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Miracle Paintings: Wild Child Dan Colen Gets (Kind Of) Sober

Dan Colen - Painting Dan Colen - Painting Dan Colen - Painting Dan Colen - Painting

Dan Colen has been dubbed in the past one of Warhol’s Children, a famous or notorious – depending on which critic you’re asking – New York post-pop prince. His earlier work was made of gum and simulation bird droppings, and although his artwork received heavy criticism for imitating or ridiculing artists and the high-art community, he continued to be successful and his career flourished. It seems there’s always a place for the unaffected artist-rock-star character type.

Recently, Colen has taken a more subdued approach to his practice. In light of the death of his good friend and artist contemporary Dash Snow, who died of an overdose in 2009, Colen has tried to curb his own lifestyle choices. This slow down is reflected in his artwork, namely his current exhibition at Gagosian: Miracle Paintings. Perhaps in the context of another artist, paintings of star streams and neon explosions would be a bold subject, but in comparison to his whoopee cushion installation Blowin in the wind, the medium is much more conventional and less provoking.

The feeling in the paintings is of excitement and solemnity. They’re easier to digest but still pack a visual punch. There’s life, death, and tranquility. It’s probably a pivotal moment in Colen’s career. Will he be able to remain successful without the contrarian stunts he is known for? It should also be considered that these paintings are much more pleasant to consume: Is he riding the comfort of his position in the New York art community, or pushing new personal boundaries? Personally I enjoy this series, but could also see how some of his fans might be disappointed in the relatively understated nature of the works.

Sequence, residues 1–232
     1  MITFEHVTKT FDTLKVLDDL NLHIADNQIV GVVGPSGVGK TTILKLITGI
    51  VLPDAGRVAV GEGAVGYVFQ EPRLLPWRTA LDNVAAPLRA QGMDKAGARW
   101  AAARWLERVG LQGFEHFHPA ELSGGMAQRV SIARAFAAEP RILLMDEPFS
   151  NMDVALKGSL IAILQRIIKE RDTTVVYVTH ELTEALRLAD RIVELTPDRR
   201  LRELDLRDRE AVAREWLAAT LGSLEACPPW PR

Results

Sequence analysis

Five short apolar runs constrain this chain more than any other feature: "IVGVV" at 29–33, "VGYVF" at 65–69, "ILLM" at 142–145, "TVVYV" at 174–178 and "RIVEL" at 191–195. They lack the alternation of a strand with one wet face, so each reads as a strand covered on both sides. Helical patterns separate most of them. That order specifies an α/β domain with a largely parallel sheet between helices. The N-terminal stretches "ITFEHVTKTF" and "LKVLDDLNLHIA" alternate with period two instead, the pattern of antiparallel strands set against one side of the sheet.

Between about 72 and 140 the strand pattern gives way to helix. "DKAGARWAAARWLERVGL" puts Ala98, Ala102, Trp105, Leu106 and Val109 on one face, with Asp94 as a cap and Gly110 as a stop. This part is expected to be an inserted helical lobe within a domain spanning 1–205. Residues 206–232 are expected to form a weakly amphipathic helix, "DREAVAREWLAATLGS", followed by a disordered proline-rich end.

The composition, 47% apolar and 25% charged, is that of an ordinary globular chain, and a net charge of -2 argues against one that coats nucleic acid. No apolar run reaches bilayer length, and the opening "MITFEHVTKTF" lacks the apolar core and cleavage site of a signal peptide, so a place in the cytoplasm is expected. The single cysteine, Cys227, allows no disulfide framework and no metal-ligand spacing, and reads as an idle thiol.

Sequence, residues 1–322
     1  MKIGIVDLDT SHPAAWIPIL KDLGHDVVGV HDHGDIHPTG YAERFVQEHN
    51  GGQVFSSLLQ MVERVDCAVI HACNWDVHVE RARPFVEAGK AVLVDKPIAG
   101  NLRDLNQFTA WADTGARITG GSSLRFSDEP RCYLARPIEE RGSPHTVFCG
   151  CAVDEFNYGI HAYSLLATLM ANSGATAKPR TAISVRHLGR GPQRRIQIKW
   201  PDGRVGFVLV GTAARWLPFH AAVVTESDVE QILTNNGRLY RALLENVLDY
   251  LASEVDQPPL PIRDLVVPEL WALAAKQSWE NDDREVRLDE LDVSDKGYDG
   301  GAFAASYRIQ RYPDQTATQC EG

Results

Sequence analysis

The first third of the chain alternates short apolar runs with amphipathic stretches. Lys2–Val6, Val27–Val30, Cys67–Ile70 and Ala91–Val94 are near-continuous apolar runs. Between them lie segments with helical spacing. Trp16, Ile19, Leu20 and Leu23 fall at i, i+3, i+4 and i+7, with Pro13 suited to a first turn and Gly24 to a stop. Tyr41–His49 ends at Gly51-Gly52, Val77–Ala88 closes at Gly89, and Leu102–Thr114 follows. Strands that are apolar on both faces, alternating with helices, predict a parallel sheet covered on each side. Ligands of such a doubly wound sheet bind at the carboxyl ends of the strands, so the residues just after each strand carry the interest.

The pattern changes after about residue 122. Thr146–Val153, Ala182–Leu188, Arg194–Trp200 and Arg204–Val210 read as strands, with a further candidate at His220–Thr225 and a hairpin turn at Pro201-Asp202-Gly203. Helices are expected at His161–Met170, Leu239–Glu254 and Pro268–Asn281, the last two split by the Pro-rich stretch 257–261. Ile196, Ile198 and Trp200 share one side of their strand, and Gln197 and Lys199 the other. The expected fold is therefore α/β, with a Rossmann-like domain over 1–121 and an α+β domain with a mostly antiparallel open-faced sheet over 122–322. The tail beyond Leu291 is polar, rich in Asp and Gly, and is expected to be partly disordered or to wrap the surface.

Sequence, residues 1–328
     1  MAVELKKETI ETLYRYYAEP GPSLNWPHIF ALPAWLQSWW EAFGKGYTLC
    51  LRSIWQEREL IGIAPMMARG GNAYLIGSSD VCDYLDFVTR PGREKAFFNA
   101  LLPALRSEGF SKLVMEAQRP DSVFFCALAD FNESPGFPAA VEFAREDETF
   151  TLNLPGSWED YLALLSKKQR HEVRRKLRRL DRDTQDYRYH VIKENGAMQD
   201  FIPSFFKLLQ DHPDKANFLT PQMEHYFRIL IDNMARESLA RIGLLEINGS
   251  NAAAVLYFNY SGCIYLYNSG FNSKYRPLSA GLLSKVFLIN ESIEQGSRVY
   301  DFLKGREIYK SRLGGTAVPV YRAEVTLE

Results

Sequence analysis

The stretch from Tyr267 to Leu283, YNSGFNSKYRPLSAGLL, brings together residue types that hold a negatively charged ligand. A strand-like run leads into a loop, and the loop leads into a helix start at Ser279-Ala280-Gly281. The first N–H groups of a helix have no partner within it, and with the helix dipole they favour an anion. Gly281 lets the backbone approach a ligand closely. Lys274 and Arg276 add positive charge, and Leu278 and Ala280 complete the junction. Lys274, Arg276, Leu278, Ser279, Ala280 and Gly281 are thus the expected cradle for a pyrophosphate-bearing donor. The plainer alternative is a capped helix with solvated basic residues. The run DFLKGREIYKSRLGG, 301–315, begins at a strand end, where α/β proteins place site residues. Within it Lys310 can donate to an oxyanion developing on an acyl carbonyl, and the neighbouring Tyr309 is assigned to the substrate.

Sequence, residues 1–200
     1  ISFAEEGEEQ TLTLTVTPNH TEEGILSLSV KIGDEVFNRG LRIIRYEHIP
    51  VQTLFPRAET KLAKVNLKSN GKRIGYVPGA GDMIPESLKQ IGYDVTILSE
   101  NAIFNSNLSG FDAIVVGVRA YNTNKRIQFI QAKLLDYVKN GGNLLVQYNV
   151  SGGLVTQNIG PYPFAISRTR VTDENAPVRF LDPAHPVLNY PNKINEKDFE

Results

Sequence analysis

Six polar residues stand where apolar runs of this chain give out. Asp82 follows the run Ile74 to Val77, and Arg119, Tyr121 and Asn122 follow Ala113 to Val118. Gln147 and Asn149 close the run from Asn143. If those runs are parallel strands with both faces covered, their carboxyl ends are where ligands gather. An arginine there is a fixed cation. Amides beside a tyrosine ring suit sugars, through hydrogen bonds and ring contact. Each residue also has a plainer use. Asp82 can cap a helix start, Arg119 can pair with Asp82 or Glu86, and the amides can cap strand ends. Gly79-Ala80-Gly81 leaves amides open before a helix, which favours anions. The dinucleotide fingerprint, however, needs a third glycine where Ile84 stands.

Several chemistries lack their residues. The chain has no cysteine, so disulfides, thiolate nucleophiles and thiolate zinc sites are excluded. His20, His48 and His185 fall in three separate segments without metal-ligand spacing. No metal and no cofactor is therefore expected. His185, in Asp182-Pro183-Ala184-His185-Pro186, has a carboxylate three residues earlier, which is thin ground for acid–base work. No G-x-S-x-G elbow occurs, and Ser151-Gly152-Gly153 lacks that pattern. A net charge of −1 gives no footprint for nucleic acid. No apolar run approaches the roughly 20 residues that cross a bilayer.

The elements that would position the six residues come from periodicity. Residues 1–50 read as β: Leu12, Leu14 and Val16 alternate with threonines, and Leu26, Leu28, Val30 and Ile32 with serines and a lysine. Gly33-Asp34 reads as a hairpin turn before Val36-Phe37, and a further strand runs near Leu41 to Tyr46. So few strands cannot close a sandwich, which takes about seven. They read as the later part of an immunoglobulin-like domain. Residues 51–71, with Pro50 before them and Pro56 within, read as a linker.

Miracle Paintings is on at Gagosian until October 18th.

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Interview: Neil Powell

Artist Neil Powell recently opened the show, “Down By The Side Of The Road” at 222 Gallery on July 10th. The exhibition featured a selection of works on paper and sculptures. Powell’s work evokes a whimsical, yet graphic approach—appearing as indexical maps of personal narrative or scatological documentations. His illustrative worlds are littered with idiosyncratic characters, situations and translations. Neil Powell’s show will be up at 222 Gallery until August 1st. 

 

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Artorialust



While the majority of gallery goers attend openings under the pretense of pretending to look at the art, we all know what we go for.

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Awesome Video Of The Day: Origin Of The Beginning

Levi Van Veluw’s eerie Origin Of The Beginning installation draws from his own childhood memories to thematically and narratively develop his own brand of self-portraiture. Creating 3 “rooms” covered with more than 30,000 wooden blocks, balls and slats the spaces feel both like wooden prison cells and as metaphosr for the artists darkest memories. Watch a video of the installation after the jump.

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Feminist Photographs Show The Dark Side Of Beauty